We specify the
getTodos response as a cold observable because it should only run when the test is calling it. This is waiting for 10 frames, returning todoList and then completing. Lastly, we expect that it is waiting for 10+10=20 frames and then returns a stream with the
Test failed case:
To test for the failed case we first trigger the effect by setting the actions as a hot observable. Then we make the response from
getTodos wait 10 frames, throw an error and then return. Again since 20 frames have passed until the stream is completed, the expected stream is waiting for 20 frames and then it will return the TodoItemsLoadFailed and complete on the same frame (because the action is wrapped in the
of operator, which completes instantaneously).
The complete spec looks like this:
Note how you need to install jasmine-marbles:
npm i -D jasmine-marbles
And need to hook in the actions to trigger effects with:
provideMockActions(() => actions)
For ensuring type-safety selection of the store you should not, use the store directly in your feature services but instead reference the store’s selector file, which acts as a facade to the store. This also ensures that your testing becomes easier, as you don’t have to deal with a mock store.
For testing the selector the same principles as with testing actions applies. It is already typesafe by using Typescript and it is interacting closely with the NgRx framework which is already covered in tests. But if your app needs 100 % coverage and you want to “double check”, you will need to assert that the store is calling the right selector function.
Consider the following selector class:
You would test it like this:
Here we are simply testing that the store is called with the right selector function.
Another benefit of having this selector facade is that it is easier to mock out the selector facade than if you were to use the store directly. You can generate a mock automatically using this service mock generator from my All You Need to Know About Mocking in Angular Tests blog post. Again reduced friction = more test coverage and time for fun in life, unless writing tests are your number one thing.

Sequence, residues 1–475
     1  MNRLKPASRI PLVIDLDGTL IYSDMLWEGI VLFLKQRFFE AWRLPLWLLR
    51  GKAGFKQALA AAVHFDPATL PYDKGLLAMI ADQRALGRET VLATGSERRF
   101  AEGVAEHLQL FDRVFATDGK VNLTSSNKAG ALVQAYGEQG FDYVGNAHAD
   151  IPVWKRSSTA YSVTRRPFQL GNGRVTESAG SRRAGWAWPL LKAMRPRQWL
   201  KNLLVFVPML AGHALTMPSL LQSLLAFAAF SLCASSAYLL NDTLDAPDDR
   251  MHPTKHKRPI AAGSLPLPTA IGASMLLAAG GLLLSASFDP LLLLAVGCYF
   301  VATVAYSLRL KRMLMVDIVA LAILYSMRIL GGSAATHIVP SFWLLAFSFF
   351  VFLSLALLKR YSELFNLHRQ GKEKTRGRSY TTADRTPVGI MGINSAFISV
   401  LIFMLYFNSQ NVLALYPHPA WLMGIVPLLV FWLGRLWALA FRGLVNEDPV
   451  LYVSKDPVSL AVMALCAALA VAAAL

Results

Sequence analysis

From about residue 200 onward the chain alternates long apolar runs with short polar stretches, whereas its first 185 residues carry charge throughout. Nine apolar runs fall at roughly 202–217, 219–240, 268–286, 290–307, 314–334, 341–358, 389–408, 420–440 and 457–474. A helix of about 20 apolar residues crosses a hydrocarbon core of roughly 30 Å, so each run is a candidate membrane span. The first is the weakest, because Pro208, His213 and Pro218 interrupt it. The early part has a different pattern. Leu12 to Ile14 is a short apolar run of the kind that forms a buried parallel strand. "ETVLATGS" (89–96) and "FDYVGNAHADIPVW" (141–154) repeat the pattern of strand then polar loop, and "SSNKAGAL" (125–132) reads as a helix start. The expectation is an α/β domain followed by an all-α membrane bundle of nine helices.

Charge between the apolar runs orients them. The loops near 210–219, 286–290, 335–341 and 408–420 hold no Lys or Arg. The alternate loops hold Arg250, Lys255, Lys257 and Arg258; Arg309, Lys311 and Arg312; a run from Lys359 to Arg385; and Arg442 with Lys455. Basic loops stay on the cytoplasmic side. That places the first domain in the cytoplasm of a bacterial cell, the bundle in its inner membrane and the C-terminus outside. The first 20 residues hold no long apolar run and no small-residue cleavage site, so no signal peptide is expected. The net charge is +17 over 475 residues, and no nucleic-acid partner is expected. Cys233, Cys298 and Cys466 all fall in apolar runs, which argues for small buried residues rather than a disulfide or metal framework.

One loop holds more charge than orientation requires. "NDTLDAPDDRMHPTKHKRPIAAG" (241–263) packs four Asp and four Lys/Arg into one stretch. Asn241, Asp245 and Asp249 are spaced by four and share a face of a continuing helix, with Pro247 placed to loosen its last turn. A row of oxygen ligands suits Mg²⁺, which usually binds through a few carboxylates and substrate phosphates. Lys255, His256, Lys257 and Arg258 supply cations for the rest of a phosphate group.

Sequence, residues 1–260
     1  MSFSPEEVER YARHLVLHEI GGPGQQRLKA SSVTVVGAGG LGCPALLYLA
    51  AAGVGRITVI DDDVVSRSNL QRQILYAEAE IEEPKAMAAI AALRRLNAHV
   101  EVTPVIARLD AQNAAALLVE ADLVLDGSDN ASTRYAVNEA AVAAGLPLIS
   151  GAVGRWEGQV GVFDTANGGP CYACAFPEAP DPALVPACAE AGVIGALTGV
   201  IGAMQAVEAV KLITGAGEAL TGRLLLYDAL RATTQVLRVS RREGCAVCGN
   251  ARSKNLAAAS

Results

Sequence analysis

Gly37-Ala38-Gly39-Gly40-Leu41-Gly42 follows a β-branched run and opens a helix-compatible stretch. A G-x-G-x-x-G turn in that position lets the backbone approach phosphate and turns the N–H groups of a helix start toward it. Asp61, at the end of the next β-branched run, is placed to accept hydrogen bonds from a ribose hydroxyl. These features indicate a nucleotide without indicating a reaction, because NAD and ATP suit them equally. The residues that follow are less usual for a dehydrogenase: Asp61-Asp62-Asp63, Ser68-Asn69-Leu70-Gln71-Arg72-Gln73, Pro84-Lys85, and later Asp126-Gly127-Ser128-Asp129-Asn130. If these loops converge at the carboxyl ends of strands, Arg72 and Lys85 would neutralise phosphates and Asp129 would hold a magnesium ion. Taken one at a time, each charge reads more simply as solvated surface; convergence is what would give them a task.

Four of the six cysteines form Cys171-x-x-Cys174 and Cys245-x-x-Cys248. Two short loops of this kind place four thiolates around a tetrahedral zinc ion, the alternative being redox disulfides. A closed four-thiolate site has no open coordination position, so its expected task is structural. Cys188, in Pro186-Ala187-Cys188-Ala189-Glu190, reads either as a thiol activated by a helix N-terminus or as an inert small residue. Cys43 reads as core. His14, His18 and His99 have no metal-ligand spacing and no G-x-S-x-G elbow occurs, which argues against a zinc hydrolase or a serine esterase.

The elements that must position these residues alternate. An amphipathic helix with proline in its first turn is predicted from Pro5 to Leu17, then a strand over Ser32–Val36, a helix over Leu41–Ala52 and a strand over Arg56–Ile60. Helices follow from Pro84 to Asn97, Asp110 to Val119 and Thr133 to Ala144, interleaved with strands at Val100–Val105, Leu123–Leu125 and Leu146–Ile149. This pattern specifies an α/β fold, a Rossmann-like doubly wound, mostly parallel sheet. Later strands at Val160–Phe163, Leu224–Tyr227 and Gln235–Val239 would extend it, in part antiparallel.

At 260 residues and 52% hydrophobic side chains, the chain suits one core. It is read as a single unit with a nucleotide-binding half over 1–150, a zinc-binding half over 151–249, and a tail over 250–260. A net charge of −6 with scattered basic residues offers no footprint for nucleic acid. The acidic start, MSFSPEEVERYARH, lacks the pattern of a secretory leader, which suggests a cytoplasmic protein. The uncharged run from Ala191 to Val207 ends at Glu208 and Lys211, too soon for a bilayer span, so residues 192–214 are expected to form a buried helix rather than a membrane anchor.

We also need to test the actual selector function in isolation:
NgRxselector functions have a
projector method which allows you to skip all previous selectors and only run the last selector function for the specified state. That way, you don’t need to stub the whole NgRx state. We expect that this will give us the todo list.
Testing NgRx facade using override/MockStore
I recommend NOT getting your architecture married to NgRx or any other state management framework as this will make it hard to change later and make the application architecture less clean. Instead, I recommend you create a facade/sandbox to decouple UI from business logic. In this class, is where all the NgRx delegation will reside (dispatch actions and setup selectors).
If you want to involve the selectors in the test (integtration testing them), you should use
You set the state using the
setState method from
This is the complete example:
If you don’t need to include the selectors in the tests, you can enjoy, faster and easier tests by using
overrideSelector you can simply specify a return value for a specific selector, so you don’t need to set the store state using MockStore.
You just use it like:
Complete Demo Repository
You can find a complete demo of NgRx testing a Todo app on my Github.
In this post, we looked at how to test Angular apps with NgRx. We looked at how to test the different types: reducers, effects, actions, and selectors. Of these tests, reducers were the simplest to test as they are pure functions. We looked at how to test effects using Jasmine Marbles, which allowed us to trigger the effect under test as well as specify the expected observable stream the effect should create. I also showed you some tips for reducing boilerplate with selectors and actions, you can use to make it more simple and frictionless to work with NgRx.
I’m Christian, a freelance software developer helping people with Angular development. If you like my posts, make sure to follow me on Twitter.
Also published on Medium.